Re: Seeking an algorithm
Posted:
Sep 29, 2011 4:27 PM


On Thu, 29 Sep 2011 21:13:16 +0100, Helmut Richter <hhrm@web.de> wrote:
> On Thu, 29 Sep 2011, Peter Percival wrote: > >> Given a finite set of numbers, find a partition of it into two sets A >> and B so >> that the sum of A's elements is as close to the sum of B's elements as >> possible. Clearly, one could try all partitions, but if the initial >> set is >> large, that might take a long time. >> "Numbers" might mean real numbers, positive real numbers, integers, or >> positive integers. Perhaps there are different answers in these four >> different cases. > > Not much difference. > >> My first thought for positive numbers of either kind is: >> (i) Order the numbers according to decreasing size; >> (ii) put the first in A; >> (iii) put the second, third, etc, in B until either all numbers are >> used, or >> the B sum just exceeds the A sum; >> (iv) put the next, next after it, etc in A until either all numbers are >> used, >> or the A sum just exceeds the B sum; >> (v) continue thus, stopping when all numbers are used. >> Is this a good method? "Good" meaning the (or a) most equal partition >> is >> always found, and quickly so. I suspect it will sometimes fail to find >> the >> most equal partition. > > If the numbers are {2, 2, 2, 3, 3}, your algorithm puts the two 3 one > into > A and the other into B. There is a different solution which is better.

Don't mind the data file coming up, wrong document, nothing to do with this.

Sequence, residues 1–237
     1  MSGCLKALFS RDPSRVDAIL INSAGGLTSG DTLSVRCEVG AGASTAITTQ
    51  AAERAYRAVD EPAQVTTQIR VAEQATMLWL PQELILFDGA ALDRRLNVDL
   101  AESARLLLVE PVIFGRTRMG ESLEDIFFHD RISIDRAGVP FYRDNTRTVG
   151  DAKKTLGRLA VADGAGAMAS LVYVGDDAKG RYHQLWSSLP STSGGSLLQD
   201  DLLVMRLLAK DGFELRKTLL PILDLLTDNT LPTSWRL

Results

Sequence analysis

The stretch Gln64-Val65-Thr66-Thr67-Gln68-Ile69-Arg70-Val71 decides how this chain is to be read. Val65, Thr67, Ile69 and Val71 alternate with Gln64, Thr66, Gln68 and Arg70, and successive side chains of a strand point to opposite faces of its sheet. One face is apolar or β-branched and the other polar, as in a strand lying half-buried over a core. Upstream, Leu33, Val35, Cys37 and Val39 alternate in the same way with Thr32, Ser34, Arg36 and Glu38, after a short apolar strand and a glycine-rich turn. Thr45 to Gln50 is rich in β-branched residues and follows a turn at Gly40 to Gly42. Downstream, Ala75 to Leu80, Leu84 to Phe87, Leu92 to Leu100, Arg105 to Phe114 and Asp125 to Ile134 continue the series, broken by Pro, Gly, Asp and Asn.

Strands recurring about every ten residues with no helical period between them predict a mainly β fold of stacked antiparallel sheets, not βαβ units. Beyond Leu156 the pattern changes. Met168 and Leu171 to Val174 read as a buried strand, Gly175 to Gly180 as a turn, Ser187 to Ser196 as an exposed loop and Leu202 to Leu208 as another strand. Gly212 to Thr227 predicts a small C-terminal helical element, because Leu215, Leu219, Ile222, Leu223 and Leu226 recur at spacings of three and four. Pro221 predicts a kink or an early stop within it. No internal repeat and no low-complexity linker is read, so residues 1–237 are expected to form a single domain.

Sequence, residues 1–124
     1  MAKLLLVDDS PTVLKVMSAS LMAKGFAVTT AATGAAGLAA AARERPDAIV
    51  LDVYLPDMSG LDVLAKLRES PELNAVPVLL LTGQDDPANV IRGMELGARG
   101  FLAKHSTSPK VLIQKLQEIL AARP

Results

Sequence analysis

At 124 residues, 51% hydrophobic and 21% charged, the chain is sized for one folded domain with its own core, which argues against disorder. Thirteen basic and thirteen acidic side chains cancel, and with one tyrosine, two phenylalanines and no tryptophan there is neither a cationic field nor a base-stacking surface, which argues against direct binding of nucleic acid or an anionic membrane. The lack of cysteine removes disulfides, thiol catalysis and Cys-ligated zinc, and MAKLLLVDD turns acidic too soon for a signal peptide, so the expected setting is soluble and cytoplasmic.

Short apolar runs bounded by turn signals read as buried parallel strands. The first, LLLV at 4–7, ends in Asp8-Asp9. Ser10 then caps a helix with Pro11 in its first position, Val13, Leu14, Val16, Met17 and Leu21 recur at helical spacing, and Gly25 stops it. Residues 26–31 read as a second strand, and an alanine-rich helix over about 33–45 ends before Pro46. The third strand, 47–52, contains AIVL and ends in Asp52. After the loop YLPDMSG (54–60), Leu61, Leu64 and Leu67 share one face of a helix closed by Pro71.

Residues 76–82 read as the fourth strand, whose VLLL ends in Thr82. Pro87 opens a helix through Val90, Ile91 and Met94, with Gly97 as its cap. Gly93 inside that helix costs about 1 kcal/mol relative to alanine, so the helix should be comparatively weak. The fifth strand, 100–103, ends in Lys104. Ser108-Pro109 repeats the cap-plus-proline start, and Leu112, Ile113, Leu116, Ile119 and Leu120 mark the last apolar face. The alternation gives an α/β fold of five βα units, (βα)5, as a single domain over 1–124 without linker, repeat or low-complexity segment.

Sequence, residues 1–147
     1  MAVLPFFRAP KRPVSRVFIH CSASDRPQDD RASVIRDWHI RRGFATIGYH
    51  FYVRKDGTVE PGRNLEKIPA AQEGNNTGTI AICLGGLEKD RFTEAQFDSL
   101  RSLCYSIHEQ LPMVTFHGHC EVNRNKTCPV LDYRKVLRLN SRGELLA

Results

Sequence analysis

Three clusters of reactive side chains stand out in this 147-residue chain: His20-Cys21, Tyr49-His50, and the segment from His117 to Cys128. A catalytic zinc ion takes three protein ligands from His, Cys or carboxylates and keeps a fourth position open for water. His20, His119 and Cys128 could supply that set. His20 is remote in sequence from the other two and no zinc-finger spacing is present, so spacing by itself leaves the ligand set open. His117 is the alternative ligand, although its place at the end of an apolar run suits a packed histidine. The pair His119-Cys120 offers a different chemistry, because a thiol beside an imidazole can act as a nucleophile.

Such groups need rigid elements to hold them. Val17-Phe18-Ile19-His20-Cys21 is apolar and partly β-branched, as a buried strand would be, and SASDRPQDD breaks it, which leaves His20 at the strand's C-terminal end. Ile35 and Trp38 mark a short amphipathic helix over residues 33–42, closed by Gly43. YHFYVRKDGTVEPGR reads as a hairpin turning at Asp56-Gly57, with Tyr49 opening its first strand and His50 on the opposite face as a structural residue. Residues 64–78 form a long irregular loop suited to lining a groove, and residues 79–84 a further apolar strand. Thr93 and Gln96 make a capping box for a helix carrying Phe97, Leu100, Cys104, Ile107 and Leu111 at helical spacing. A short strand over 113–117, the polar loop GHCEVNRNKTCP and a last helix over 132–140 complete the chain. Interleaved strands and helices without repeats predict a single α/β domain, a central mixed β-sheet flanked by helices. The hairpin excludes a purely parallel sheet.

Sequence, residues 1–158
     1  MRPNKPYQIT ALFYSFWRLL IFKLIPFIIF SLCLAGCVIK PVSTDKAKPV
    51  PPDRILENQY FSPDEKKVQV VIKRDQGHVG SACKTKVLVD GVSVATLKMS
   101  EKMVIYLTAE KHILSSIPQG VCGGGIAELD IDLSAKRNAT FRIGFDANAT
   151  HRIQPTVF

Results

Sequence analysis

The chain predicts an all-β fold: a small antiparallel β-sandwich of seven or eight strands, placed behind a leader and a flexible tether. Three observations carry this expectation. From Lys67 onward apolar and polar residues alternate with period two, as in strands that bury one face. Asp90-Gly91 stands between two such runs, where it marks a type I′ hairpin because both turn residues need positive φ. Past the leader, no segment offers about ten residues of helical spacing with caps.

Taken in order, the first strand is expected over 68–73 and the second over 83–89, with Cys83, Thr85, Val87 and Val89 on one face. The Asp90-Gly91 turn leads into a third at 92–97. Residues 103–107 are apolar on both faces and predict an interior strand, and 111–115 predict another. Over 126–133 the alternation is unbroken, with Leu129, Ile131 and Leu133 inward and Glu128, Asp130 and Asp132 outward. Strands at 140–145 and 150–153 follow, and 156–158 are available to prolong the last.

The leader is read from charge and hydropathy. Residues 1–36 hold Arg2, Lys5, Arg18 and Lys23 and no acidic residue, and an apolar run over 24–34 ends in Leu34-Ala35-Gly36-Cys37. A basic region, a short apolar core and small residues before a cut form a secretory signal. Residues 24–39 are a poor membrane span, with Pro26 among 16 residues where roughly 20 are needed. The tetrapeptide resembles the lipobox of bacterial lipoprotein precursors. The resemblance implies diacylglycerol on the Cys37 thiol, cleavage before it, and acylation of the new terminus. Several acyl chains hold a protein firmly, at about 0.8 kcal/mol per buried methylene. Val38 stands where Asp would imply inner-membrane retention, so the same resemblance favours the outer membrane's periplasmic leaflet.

Thank you. But I would call {2, 2, 2, 3, 3} a multiset, rather than a set.
> You can use your algorithm for a bound on the best solution. That is, for > this example, when your algorithm has a sum of 7 in A and of 5 on B, then > every other algorithm can be stopped as soon as one set gets a sum of 7 > or > more. This can save a lot of time when trying when the initial guess is > already good. > > You can also start with your algorithm and then find pairs of numbers > having exactly or approximately the right difference, so that a solution > is improved by swapping them. For a practical approximation solution, > this > might often suffice. But it will not necessarily find an optimal > solution, > to wit when not single numbers have to be swapped but subsets of them  > thus ending up with more or less the original problem. > > The real optimal solution is much more complicated. See for instance > http://en.wikipedia.org/wiki/Subset_sum_problem .
Thank you for the reference. I had supposed the problem(*) was known, but did not know its name, so I could not look anything up.
(* I will just remark on how it came to my mind. I was looking at two piles of books on a table, and I wondered if there was some systematic way of making two piles so that they were of equal, or nearequal, height, so that a large book (an atlas, say) could be rested on the top of each pile and be horizontal, or nearly so. So mine was the positive reals problem.)
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